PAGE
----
It's not even astringent at all, in the same sense as in an Assam or more challenging sheng.  It's more a fullness in feel that comes across in a certain way, and a component that lingers in a long aftertaste, along with that sweetness and flavor range (peach and floral).  It's a very pleasant experience, all the parts of it, but how it comes together is indescribable.  It would be a shame to drink this tea without plenty of time and space to just absorb it.  There's one part about the feel and the flavor sensation moving across your tongue, settling in a different place than it lands in while tasting, ending up as a sensation in the rear of your throat.  That's different.  The aftertaste never ends, it just keeps trailing off.  Minutes later it's just less, not gone.

leaves unfurled

I went with a faster infusion the next round, more standard, around 10 seconds, and it's nicer, but then it was amazing on that last round too.  I can see why someone would prefer it at that strength to get the most out of the feel and aftertaste effect.  The flavor was still great but in drinking the tea for taste faster works better, and it's not at all thin.  I guess it would come down to preference.

There's not more transition to go on about; it's still expressing a lot of peach and floral, with a slight trace of light caramel or toffee.  "Peach and floral" really could be developed a bit.  That hint of astringency tapers into flavor just a little but it's more a light structure to the tea, which comes across as soft and full. More of the same on the next too.   The warmth might be picking up a little, the aspects shifting balance some, but the character stays similar.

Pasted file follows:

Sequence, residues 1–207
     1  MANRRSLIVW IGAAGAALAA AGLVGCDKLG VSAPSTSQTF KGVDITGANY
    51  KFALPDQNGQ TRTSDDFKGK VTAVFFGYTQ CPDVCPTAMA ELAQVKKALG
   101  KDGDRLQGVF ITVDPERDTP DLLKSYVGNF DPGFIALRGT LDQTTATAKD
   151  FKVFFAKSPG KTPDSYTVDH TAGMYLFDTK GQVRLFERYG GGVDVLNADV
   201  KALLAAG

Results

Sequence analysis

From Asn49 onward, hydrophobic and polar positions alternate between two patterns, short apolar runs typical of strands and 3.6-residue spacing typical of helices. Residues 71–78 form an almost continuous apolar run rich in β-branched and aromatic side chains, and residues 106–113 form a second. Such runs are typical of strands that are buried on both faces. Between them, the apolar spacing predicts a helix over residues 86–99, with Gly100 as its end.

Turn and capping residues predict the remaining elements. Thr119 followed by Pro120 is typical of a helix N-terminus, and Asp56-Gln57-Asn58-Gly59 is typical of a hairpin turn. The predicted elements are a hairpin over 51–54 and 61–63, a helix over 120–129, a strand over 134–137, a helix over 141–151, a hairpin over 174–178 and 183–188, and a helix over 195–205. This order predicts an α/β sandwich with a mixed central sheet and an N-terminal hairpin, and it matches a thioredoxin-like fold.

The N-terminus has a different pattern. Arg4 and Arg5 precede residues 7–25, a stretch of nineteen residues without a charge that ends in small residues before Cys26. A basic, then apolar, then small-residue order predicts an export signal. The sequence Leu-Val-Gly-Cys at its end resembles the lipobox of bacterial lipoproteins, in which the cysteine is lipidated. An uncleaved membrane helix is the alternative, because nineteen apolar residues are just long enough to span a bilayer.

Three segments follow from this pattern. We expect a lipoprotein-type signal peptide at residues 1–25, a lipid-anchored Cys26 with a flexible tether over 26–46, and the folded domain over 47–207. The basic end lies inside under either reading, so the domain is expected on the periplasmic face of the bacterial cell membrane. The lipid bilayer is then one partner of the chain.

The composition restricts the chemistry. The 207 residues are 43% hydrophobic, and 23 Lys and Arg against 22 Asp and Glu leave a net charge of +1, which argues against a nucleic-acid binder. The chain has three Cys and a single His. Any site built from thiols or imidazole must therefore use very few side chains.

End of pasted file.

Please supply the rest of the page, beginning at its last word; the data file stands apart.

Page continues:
I did keep drinking it for lots of infusions, but I'll spare the detailed notes since as can occur the aspects shifted balance more than changed.  I don't feel like I got as far as I typically do with separating aspects into a description; I kind of lost focus a bit in just enjoying the tea.  But I'll include more details in a conclusion section.

Celebrity guest review video

She loved it.  I didn't get any real description out of her though, just her joking around in that part.

Vendor description

After the actual tasting I checked the producer's notes for their description:

2018 old bushes Mi Lan xiang 蜜兰香老枞
Location:Li zhai ping village in Phoenix Moutian about 1200m 
Harvest date :2018.4.5th 
Cultivar: Mi lan xiang  (Magnolia )
Roasting level:  one time roasting by traditional charcoal fire by 90'c fire degree, 15 hours, Medium roasting style 

Feature : this tea just finished processing on 5th, and than we did the hands -sorting and Roasting by Litchi Charcoal. The age of the tea bushes is about 100 years old, we used the ladder to do the picking. 4 trees together.  This year is 15 kg in all.  More than 2017 Quantity. Because of  small quantity, we get ready them  more quicker than other big quantity tea.  The tasting  feature is  similar to 2017, because from same garden ,same bushes, and same makers processing, Peach or Nectarine, Lychee, Juicy Fruity cocktail and very milky aroma. 

I was going to edit that but somehow it makes sense to include it nearly character for character.  Note that this tea isn't being re-sold by someone with a Western background; the person or persons writing those words helped make the tea.  Cindy probably wrote that.  She wears a few different hats so she's not out picking tea or processing it all day but she is involved.